Arena effort to solve nickname dispute draws fire 8-07

Grand Forks, North Dakota (AP) - Ralph Engelstad Arena officials say they are seeking a diplomatic end to the University of North Dakota “Fighting Sioux” nickname dispute, but American Indian leaders say the arena’s approach has lacked diplomacy.

The arena on the UND campus, which is managed by an independent board, early this summer hired Cheyenne River Sioux member Sam Dupris, of Minneapolis, to meet with Sioux officials in North Dakota.

Arena general manager Jody Hodgson said the goal of Dupris’ visits was for arena officials to gain a better understanding of tribal leaders’ opinions about the Sioux nickname, not to pressure those leaders to throw their support behind the nickname.

However, Spirit Lake Nation Chairwoman Myra Pearson said that when she met with Dupris on July 18, he encouraged her to rethink the Tribal Council’s 2000 resolution concerning the Sioux nickname and asked her to advocate for the nickname with Standing Rock Sioux officials.

The NCAA considers UND’s nickname “hostile and abusive” to American Indians and has said UND may not host postseason tournaments or use the nickname as a tournament participant. UND has sued the NCAA.

Some schools around the country that faced similar NCAA sanctions have received a waiver from the association, usually by gaining the support of a nearby namesake Indian tribe.

UND has touted the Spirit Lake resolution as evidence of the same kind of namesake tribe support that won NCAA waivers for the Florida State University Seminoles and the Central Michigan University Chippewas. The resolution states “as long as something positive comes from this controversy, (the tribe is) not opposed to keeping the Sioux name and present logo at UND.”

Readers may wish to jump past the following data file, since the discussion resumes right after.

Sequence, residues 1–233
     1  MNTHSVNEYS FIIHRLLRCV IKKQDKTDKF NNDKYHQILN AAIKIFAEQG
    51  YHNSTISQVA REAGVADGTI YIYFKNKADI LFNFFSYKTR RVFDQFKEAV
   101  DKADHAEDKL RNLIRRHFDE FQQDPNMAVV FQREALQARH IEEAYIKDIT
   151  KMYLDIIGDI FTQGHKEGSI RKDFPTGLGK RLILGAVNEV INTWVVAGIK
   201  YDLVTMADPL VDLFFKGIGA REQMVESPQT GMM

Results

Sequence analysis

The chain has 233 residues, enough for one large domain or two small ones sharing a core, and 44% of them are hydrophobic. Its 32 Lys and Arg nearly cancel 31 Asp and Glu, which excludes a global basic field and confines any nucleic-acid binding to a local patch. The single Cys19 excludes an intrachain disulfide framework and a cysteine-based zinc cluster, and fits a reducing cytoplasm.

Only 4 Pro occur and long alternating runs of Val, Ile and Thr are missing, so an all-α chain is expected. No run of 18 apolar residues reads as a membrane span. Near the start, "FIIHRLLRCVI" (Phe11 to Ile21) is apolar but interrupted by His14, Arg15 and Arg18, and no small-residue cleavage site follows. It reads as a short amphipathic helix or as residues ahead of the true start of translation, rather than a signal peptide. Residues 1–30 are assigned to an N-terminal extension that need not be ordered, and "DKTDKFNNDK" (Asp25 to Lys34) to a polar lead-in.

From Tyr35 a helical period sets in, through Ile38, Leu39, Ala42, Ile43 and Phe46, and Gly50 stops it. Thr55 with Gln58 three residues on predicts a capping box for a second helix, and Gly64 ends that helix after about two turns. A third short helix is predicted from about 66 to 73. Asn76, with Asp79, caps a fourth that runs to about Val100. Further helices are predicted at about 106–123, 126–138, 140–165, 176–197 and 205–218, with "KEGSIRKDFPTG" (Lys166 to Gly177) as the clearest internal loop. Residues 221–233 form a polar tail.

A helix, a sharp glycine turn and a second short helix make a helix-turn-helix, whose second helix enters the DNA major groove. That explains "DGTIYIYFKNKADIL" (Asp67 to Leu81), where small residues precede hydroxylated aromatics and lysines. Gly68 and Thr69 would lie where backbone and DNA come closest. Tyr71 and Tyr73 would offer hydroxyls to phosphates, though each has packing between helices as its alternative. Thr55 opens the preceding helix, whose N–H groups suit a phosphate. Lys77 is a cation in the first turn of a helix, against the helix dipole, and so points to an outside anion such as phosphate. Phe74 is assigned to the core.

The NCAA has called the resolution insufficient evidence of approval without clarification from the tribe. Spirit Lake officials have not responded to NCAA requests for clarification.

Pearson said she reads the 2000 resolution as neither supporting nor opposing the nickname. She said she does not plan to respond to the NCAA’s requests and does not expect the Tribal Council to take up the nickname issue again.

“I feel like there’s nothing more to say,” Pearson said. “I told (Dupris) it’s not a priority for me. There are more important issues to deal with.”

David Gipp, president of United Tribes Technical College in Bismarck, said that in a July 19 meeting, Dupris suggested that Pearson was willing to reconsider Spirit Lake’s position on the nickname. Gipp said he later called Pearson and found out the suggestion was incorrect.

Hodgson said he would not comment on the conversation between Dupris and Pearson because he was not present when it occurred. Dupris did not immediately return a telephone call seeking comment. Hodgson said Dupris did not wish to comment publicly on his role with the arena.

Hodgson described Dupris’ effort as being a diplomatic one.

“We’re opening up the lines of communication that were closed by the lawsuit,” Hodgson said. “The legal front continues, but this is a parallel track.”
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